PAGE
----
A third thought that one can have about these events is a thought about the nature of hope. Once the miners had been discovered to be still alive after 17 days trapped underground, one can see the living out of an experience of hope in the sense of a looking forward to a successful outcome, a working towards a successful rescue. One can think about the different ways in which hope was experienced by those trapped underground, by their families and friends, and by those working at the surface to bring about a rescue. And, as the rescue came to a successful conclusion, we can see a fulfilled hope expressed in the celebrations of the rescue. The blogged coverage on the BBC News website expressed it like this:
In the end, a potential tragedy in a remote corner of the world has been utterly transformed into one of the greatest tales of good news ever told.
 But I do not think that this does justice to the phenomenon of hope that we have seen here.

The fourth aspect of these events is their religious aspect. Many of the miners prayed as they were released from the mine. Reports also indicate that they prayed regularly during their time trapped in the mine. This profoundly religious aspect to the events appears to have been quite natural to those involved. To us in Europe it appears rather odd. According to this report, the feeling of the miners was that they were 34 and not 33:
'We were not 33, we were 34 because Jesus Christ was with us down there.'
William Oddie describes the religious aspect of the events in Chile, the vigils, the Masses offered, in this post at the Catholic Herald website.

Perhaps the most interesting point on which to reflect is how this religious aspect of the events in Chile informs the three other aspects I have mentioned. And, in this, there might be a very interesting lesson for secularised Europe.

Thursday, 14 October 2010

The Work of our Redemption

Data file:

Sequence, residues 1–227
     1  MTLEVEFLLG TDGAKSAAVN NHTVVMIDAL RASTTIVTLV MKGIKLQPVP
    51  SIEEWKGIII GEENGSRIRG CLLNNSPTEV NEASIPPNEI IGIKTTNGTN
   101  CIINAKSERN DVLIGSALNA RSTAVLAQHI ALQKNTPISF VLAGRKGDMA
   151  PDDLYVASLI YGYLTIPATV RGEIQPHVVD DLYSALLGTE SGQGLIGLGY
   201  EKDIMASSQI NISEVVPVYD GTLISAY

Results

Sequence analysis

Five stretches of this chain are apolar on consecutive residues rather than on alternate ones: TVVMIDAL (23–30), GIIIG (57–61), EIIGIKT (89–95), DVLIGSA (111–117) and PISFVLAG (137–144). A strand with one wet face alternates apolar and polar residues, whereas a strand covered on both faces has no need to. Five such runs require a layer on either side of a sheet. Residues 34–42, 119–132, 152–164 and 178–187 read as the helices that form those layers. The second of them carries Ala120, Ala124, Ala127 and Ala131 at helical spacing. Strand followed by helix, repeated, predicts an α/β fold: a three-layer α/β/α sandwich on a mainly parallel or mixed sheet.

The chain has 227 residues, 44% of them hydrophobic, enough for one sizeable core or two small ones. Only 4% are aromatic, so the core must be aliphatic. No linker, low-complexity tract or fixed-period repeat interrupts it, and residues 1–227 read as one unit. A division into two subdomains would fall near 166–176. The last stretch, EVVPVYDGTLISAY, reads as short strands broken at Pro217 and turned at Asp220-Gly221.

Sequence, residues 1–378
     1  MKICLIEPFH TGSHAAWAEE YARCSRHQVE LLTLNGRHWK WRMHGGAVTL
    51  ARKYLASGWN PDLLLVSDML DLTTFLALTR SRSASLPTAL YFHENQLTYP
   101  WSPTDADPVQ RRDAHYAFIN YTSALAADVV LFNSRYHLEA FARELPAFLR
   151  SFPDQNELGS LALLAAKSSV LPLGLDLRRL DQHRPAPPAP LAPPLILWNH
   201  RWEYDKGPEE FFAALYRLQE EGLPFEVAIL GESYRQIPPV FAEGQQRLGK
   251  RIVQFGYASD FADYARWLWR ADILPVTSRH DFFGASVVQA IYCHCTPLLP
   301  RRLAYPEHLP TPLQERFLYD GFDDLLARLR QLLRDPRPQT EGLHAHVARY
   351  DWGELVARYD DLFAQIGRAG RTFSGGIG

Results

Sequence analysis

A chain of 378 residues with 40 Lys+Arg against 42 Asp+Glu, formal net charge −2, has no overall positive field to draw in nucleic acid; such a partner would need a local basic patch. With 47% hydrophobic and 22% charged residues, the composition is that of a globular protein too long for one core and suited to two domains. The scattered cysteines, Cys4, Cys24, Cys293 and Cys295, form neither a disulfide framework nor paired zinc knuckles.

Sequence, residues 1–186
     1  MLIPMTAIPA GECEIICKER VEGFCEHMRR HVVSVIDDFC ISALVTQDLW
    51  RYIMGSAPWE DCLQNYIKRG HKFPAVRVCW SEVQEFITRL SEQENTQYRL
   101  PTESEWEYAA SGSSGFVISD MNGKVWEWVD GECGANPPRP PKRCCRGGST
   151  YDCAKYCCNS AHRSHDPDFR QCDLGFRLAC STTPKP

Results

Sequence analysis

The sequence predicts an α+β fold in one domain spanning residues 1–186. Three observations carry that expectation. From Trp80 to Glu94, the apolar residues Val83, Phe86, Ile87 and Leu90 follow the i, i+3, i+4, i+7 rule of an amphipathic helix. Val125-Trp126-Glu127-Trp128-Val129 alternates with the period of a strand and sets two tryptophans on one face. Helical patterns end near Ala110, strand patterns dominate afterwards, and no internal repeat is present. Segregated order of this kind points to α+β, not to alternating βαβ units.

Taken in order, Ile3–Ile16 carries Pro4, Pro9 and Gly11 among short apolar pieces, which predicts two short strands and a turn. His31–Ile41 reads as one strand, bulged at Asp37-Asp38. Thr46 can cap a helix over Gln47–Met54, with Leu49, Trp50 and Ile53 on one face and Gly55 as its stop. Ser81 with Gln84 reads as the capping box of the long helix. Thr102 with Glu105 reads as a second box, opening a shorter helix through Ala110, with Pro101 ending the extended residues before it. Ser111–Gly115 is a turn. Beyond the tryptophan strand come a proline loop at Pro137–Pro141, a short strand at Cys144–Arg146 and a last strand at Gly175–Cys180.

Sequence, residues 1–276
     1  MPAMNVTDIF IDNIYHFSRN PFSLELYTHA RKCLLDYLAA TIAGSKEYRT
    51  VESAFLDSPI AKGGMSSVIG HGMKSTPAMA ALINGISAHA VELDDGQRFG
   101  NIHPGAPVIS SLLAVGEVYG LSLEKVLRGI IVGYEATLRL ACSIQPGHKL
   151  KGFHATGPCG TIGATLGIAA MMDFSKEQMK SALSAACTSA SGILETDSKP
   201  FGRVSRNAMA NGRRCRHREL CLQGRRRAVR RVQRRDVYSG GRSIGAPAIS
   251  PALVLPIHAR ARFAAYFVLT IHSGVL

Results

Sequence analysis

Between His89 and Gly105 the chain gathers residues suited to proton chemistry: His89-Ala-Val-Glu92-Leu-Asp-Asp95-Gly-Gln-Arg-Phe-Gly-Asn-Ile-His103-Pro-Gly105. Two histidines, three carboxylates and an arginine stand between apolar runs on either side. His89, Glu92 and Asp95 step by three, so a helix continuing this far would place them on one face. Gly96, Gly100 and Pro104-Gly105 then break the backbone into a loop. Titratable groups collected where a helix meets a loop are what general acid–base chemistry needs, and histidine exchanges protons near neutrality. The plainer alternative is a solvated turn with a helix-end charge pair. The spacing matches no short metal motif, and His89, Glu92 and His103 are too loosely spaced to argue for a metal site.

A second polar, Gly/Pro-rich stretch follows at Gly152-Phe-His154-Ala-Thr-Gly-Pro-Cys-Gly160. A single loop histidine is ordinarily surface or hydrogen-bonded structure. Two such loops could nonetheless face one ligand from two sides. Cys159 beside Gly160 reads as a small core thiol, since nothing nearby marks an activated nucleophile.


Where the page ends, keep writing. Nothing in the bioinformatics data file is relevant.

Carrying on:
The Work of our Redemption - this is the title of a book written by Fr Clifford Howell SJ. My copy is a revised edition dated 1969, though the first edition of the book dates from 1953. The chapters in the book began life in 1950 and 1951 as a series of journal articles intended to introduce Catholics who had no "liturgical background" to the ideas being discussed in the journal. The chapters as they stand in the 1969 edition of the book are re-written/revised/deleted in the light of the Constitution on the Sacred Liturgy of the Second Vatican Council, but they pre-date the lived experience of the Missal of Pope Paul VI. The title of the book is taken from Pope Pius XII's encyclical letter Mediator Dei:
The work of our redemption is continued, and its fruits are imparted to us during the celebration of the liturgy.
I haven't persevered in reading the book from cover to cover, but have dipped into a few of its chapters from time to time. What is interesting about the book, particularly my 1969 edition, is what it reveals about the assumptions about liturgy and what one might call "liturgical theology" as they are presented by one of the foremost liturgists of the time. Many of those assumptions would now be seen as very "traditional", and it is interesting to be reminded that they were the ordinary content of the Liturgical conversation at that time. There are chapters that present a sound understanding of grace and of the Church as the Mystical Body of Christ in which we come to share in the Divine life. The first chapter strongly affirms the necessity of worship of God as part of the human vocation. The chapter that includes an account of the Sacrament of Anointing of the Sick also includes an explanation of the plenary indulgence offered to the faithful at the time of death when the receive the Apostolic Blessing from the priest (how many Catholics even know about that nowadays? My observation about it is that, between the Sacrament of Anointing and the Apostolic Blessing, even the most nominal of practising Catholics would have to be rather negligent to end up in purgatory).